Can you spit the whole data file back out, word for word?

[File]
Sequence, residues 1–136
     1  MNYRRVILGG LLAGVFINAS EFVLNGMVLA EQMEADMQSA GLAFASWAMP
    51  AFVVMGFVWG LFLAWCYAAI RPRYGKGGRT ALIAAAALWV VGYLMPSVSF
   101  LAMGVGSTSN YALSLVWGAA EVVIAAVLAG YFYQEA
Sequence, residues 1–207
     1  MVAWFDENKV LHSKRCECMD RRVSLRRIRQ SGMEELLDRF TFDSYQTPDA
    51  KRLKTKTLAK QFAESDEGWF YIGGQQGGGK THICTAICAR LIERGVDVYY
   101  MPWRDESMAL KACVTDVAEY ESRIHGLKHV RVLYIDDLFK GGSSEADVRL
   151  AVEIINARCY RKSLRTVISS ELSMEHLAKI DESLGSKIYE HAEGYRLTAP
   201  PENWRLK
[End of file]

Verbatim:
Sequence, residues 1–136
     1  MNYRRVILGG LLAGVFINAS EFVLNGMVLA EQMEADMQSA GLAFASWAMP
    51  AFVVMGFVWG LFLAWCYAAI RPRYGKGGRT ALIAAAALWV VGYLMPSVSF
   101  LAMGVGSTSN YALSLVWGAA EVVIAAVLAG YFYQEA
Sequence, residues 1–207
     1  MVAWFDENKV LHSKRCECMD RRVSLRRIRQ SGMEELLDRF TFDSYQTPDA
    51  KRLKTKTLAK QFAESDEGWF YIGGQQGGGK THICTAICAR LIERGVDVYY
   101  MPWRDESMAL KACVTDVAEY ESRIHGLKHV RVLYIDDLFK GGSSEADVRL
   151  AVEIINARCY RKSLRTVISS ELSMEHLAKI DESLGSKIYE HAEGYRLTAP
   201  PENWRLK